Smoke Fairies at Castle and Falcon

Smoke Fairies + Samana @ Castle and Falcon 9th February 2022

Smoke Fairies and Samana

Smoke Fairies

I was encouraged to get to the gig early to see Samana, support for Smoke Fairies tonight. It was good advice as they are one of the most enigmatic support acts I have seen. As I enter the venue, Julee Cruise’s song Falling is playing which is apt as Samana could easily be a band that frequents The Roadhouse in Twin Peaks with their backlit presence and atmospheric sound. Samana are Rebecca Rose and Franklin Mockett who have captured the attention of Guy Garvey with their tranquil and ethereal approach to music. The majority of their thirty minute set consists of songs from the new album ‘All One Breath’ which is due to be released on 11th March and well worth purchasing if their live set is anything to go by. The opening song is Glory Of Love that encapsulates a lazy country blues vibe with its slide guitar introduction and Rose’s dreamy glissando vocals throughout the chorus.


The depth and richness of sound created by the trio (the duo are joined by a keyboard player) is phenomenal for a small venue which is supported by the presence of the band on stage. Rebecca stands in the centre with the other musicians seated either side like an alternative take on the Holy Trinity. Samana use vocal reverb for maximum effect to produce a celestial essence with a hint of eeriness complimented by the simple lilting piano chords in the magnificent song All One Breath which was the highlight of the set. This was a song you could have listened to for much longer, a sign of a great piece of music. The last track of the set is Live For The Road which returns to the alt-country genre of the opening song. As Rose explains it is a song written to mark our return to freedom and the repetition is like an ever-stretching road. I have been exploring Samana’s back catalogue since the gig which shows what impact they have had and for those who arrived later, you missed a treat.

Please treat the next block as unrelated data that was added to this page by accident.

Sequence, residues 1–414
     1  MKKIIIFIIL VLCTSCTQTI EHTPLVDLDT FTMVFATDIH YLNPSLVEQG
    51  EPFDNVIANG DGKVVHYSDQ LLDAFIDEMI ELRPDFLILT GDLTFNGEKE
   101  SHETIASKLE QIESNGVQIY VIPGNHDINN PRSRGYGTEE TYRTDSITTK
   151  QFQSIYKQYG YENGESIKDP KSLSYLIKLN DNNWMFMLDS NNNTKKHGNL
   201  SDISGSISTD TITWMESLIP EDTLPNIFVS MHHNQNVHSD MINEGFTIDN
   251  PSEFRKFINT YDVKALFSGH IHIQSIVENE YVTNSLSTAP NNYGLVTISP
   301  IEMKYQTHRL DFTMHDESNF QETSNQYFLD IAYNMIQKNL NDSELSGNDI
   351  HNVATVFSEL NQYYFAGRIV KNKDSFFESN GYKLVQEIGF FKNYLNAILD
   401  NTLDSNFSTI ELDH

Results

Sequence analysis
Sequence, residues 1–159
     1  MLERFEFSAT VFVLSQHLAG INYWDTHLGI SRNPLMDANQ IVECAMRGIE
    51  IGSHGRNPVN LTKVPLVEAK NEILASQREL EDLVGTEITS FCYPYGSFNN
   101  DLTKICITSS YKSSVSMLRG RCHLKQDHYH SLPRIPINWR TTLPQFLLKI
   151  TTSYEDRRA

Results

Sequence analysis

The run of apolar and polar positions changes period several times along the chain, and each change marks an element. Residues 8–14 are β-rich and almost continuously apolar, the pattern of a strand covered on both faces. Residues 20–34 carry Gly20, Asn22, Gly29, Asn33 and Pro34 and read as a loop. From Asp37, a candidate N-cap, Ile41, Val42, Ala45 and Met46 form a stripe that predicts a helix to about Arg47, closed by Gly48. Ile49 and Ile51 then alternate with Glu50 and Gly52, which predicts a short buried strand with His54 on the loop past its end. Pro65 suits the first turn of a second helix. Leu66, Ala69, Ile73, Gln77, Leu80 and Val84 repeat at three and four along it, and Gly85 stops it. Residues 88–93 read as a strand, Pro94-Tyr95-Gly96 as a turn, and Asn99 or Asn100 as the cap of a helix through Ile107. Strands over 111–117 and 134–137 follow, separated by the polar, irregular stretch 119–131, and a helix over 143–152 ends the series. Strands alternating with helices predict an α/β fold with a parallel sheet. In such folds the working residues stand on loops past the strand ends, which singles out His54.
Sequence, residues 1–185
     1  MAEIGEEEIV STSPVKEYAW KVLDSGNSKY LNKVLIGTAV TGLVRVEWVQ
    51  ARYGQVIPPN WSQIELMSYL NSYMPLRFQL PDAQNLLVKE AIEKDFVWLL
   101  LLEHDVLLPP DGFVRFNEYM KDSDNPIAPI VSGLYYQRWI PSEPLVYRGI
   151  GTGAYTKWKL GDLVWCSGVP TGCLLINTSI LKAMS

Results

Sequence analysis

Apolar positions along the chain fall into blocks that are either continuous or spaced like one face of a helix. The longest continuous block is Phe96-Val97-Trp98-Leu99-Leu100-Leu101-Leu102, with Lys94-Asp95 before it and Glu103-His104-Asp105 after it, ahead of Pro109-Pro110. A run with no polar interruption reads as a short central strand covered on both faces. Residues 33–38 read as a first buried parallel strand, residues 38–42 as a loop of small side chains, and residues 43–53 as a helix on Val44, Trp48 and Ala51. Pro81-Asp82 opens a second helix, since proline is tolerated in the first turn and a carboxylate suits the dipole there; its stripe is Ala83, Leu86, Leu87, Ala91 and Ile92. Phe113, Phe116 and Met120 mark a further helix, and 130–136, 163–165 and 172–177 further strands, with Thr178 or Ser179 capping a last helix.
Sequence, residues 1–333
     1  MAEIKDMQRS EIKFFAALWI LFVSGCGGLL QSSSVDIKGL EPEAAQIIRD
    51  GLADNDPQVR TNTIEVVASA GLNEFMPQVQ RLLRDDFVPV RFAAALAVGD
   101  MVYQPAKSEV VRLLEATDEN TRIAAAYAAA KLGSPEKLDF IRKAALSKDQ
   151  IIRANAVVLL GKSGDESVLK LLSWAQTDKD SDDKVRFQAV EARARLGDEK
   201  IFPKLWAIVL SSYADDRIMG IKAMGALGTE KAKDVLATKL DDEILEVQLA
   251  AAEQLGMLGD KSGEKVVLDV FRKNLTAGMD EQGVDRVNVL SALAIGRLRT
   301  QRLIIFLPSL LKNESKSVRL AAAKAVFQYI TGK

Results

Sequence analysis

Smoke Fairies